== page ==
It was determined Powers had taken both deer himself that morning in Bushnell Township, Montcalm County, while accompanying an 8-year-old youth on his first hunt. Powers illegally tagged one deer with the Mentored Youth Tag issued to the young hunter and procured a second license tag from a 6-year-old female family member prior to transporting the animals. Officers established Powers had captured trail camera images of the deer prior to the hunt and knew trophy deer were present in the hunt area. Officers concluded their investigation by issuing an appearance ticket with a court date and left the home.

Five days later, a conservation officer discovered two hides and evidence of deer processing that had been dumped in a parking lot at the Lowell State Game Area, in Ionia County. Having not recovered these items on the night of the original investigation, the officer returned to meet with Powers and obtain a confession to the littering on state lands, leading to an additional charge.

Powers was arraigned October 3, on the charge of taking two white-tailed deer during the closed season before a magistrate of the 64B District Court at Stanton, in Montcalm County. At arraignment, Powers entered a plea of guilty to the charge and was sentenced. He was assessed $335 in fines and costs, $12,000 in restitution for payment to the state’s Fish and Game Protection Fund, and five days mandatory minimum jail time to be served as community service. In addition, Powers now faces up to five years of hunting license revocations in Michigan and 41 other states that participate in the Interstate Wildlife Violator Compact. Powers has yet to appear on charges in Ionia County for littering.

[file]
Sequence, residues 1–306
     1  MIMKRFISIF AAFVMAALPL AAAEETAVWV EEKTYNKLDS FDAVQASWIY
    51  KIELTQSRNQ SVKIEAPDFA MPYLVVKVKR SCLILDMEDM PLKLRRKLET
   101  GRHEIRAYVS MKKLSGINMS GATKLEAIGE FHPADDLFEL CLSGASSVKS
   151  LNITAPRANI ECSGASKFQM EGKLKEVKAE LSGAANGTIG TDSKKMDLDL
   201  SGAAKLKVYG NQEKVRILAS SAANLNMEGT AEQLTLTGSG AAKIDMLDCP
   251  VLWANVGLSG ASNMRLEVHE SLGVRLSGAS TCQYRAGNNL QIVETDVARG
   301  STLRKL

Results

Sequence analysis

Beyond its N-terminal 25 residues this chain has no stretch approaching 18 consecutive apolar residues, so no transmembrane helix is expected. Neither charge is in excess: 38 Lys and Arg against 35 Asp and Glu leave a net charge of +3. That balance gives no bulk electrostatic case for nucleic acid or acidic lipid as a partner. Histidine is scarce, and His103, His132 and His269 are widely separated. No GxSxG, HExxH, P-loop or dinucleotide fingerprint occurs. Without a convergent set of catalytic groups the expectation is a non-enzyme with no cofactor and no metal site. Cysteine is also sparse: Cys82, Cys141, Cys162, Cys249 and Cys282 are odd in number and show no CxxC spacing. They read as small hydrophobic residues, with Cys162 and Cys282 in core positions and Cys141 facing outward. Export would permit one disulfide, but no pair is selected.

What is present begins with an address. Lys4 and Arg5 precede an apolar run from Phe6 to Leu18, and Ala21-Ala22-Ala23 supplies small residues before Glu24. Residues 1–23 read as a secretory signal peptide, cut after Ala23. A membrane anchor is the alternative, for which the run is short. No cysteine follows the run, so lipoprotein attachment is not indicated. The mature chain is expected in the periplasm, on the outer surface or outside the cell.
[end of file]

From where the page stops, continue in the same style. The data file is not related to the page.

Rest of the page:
“The tougher poaching penalties were developed last year and approved by the Legislature and governor, and represent the first major changes to poaching laws in our state since 1990,” said DNR Law Enforcement Division Chief Gary Hagler. “Concerned hunting organizations and conservation officers have noticed an increased interest and demand for large antlered deer, which are frequently targeted by poachers who trespass, hunt at night and without a license. This is the first case prosecuted under the new law to enhance penalties and represents a great case of our officers and the local justice system working together to bring justice to individuals targeting trophy animals.”
Recent changes to penalties increased fines in this case by $10,000 and added two years of additional license revocations. Under the new law, antlered deer are assessed an additional $1,000 in restitution plus the standard $1,000 for illegally killing any deer. Deer with eight points but not more than 10 are $500 a point, while deer with 11 points or more are assessed a penalty of $750 per point.
“Ethical hunters, wildlife viewers and our officers are hopeful that increased penalties will cause potential violators to rethink the temptation of poaching a trophy deer while providing additional protection for this valuable wildlife resource,” Hagler said.
For more information on the laws and regulations for hunting and fishing in Michigan, go to www.michigan.gov/conservationofficers.